Everyone knows that telling lies is wrong, but in certain circumstances, a “little white lie” or an embellishment of the truth is easier to swallow. Most people have been in situations where the truth can be devastating and can have serious negative consequences, so telling a little lie might curb those consequences in the short-term.
Still, when someone tells a lie not to smooth over an unpleasant truth or to avoid getting in trouble, but to deceive and take something from another person, the law will step in.
Theft by deception is considered a crime in New Jersey, and it is a crime in which the thief lies for the purpose of obtaining another person’s property and/or lies to engage in deceptive conduct contrary to the state’s laws. In short, theft by deception happens when one person takes another person’s possession or property by lying or creating false impressions.
What You Need to Know About Theft by Deception
According to New Jersey N.J.S.A 2C:20-4, a person can be charged with theft if the theft occurs through any of the following methods:
- The thief creates a false impression about his or her intentions, the laws, value, or other mental state. This includes collecting money for a fake charity or fake medical condition, or lying about the use of funds offered.
- The thief hides information that would alter the intended victim’s perception of him or her. In the case of raising money to cover costs for a fake illness, the thief hides medical records that indicate a clean bill of health, for example.
- The thief fails to correct false impressions that were purposely created. Again, in the case of a fake illness, the thief allows people to believe that he or she is suffering from cancer or another malady in order to raise money and does not correct their assumptions.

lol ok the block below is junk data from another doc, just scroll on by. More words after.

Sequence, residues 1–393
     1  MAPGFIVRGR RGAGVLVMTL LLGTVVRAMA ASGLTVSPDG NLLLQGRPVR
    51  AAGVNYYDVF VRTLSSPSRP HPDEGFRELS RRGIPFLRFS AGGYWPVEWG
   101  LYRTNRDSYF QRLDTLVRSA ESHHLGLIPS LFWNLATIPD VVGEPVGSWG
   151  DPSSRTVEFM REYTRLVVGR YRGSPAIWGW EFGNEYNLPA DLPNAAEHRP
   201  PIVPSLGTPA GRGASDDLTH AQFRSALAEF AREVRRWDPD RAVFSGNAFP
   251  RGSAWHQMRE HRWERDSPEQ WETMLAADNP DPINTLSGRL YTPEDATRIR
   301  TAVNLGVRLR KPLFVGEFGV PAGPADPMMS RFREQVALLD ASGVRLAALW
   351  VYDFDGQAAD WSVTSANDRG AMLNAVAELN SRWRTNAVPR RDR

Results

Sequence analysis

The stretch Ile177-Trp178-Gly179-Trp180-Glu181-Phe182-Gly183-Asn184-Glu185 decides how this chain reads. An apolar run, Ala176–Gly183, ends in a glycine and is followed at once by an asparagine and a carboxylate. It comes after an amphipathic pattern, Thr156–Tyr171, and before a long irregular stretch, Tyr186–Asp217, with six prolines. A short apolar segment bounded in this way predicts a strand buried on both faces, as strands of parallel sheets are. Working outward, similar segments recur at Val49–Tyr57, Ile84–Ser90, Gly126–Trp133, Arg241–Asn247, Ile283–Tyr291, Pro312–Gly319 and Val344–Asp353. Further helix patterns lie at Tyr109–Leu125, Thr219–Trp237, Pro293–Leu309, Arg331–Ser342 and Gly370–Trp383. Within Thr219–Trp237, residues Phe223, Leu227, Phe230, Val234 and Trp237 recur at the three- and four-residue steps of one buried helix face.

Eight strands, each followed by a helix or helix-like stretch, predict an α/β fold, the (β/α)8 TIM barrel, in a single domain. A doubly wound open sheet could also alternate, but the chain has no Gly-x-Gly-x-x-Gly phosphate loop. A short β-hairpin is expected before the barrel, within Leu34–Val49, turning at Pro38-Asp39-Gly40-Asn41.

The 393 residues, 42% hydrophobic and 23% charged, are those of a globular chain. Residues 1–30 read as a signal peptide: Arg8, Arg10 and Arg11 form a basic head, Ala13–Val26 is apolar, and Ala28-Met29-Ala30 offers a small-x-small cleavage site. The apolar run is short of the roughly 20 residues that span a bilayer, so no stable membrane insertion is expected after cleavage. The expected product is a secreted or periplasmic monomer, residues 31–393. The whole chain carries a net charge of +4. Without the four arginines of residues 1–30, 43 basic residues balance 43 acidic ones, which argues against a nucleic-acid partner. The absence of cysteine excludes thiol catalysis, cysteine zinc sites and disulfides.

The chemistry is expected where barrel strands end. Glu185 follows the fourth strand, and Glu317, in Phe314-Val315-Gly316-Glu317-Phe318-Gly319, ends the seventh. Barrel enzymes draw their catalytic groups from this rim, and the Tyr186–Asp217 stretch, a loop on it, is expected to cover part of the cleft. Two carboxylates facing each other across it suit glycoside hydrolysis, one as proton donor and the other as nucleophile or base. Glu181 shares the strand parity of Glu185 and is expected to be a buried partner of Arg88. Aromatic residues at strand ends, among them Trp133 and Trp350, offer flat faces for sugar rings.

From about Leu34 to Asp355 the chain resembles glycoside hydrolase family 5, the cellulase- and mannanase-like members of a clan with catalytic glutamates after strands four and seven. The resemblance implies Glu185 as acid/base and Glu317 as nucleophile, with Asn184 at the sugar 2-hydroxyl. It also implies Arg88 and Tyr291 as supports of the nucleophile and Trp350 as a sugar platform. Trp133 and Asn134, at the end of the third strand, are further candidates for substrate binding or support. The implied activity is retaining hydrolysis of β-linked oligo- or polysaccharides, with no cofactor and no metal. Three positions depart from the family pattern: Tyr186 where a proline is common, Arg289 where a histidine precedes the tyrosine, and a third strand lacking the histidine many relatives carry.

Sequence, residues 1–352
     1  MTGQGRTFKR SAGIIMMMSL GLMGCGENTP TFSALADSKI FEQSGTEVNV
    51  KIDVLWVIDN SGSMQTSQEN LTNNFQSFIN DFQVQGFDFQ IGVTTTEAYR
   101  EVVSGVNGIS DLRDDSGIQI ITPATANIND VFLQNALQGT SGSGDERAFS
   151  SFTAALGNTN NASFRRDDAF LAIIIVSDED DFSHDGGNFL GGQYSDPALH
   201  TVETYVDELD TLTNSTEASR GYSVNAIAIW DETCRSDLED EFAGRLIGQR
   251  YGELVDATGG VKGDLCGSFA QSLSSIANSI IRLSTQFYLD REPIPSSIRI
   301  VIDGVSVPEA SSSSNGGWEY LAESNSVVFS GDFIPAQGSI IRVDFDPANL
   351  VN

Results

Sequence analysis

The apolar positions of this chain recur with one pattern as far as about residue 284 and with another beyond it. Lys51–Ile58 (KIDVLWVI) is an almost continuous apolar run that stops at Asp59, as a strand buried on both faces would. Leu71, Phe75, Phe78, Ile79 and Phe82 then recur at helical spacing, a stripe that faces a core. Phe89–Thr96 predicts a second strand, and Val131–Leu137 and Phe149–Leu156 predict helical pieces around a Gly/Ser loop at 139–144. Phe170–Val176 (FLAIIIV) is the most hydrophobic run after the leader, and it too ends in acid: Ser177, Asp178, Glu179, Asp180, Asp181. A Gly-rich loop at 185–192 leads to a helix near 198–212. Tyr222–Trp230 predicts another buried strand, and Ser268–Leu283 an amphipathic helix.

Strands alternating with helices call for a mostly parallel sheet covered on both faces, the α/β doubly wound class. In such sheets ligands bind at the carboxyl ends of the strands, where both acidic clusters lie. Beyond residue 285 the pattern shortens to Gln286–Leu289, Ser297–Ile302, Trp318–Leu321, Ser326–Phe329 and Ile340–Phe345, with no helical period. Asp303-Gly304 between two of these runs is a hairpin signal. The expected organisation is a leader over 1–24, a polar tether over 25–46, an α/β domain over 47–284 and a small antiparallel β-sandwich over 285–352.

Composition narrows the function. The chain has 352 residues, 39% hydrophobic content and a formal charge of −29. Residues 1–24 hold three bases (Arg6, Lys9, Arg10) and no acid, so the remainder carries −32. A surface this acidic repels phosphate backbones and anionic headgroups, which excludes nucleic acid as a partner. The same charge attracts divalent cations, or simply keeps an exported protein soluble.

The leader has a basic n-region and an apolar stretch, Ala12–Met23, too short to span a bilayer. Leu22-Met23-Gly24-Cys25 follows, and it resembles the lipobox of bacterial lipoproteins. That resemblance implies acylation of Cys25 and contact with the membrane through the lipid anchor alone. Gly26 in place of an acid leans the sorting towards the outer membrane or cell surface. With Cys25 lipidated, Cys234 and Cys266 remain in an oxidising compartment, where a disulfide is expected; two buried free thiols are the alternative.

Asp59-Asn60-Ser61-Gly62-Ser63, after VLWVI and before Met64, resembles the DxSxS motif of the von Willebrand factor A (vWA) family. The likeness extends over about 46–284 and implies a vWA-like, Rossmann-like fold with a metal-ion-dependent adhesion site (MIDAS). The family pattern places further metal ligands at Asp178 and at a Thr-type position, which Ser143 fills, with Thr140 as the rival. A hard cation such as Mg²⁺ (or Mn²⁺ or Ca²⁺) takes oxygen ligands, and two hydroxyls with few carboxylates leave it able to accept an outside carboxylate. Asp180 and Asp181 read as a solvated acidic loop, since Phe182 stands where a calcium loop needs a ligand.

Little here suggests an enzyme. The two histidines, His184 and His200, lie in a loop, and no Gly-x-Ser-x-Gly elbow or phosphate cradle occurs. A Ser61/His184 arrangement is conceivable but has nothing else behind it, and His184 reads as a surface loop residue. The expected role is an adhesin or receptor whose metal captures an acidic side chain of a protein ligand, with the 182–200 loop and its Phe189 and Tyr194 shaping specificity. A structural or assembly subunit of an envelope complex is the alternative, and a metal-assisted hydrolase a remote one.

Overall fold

A person might be charged with theft by deception for any of the following offenses:
- Filing a fraudulent insurance claim
- Fraudulently receiving benefits from government assistance programs
- Misrepresenting property to receive loans
- Accepting payment for work that is never done
- Writing bad checks
- Collecting funds for fake charities, illnesses, causes, etc.
Based on the methods outlined above, the theft by deception statute only deals with people who are attempting to obtain money or items of monetary value. Soliciting prayers for a fake illness, while not collecting or accepting donations, for example, is not considered theft by deception.
Theft by deception charges are aggregated. If you are facing charges for a particular instance of theft that is part of an ongoing fraud, you could be charged for each instance individually, or you could be charged for the combined (aggregate) amount of theft. That combined amount could lead to a higher degree of theft charges which could result in the possibility of more severe penalties, including more prison time or enhanced fines.
It’s important to know the extent of your charges and what you could be facing at trial if you’ve been accused of criminal activity. At Helmer, Conley, and Kasselman, PA, a New Jersey criminal defense law firm, we represent anyone who has been charged with theft by deception or any other criminal offense. For a free, no-strings consultation on your case, contact our defense attorneys today.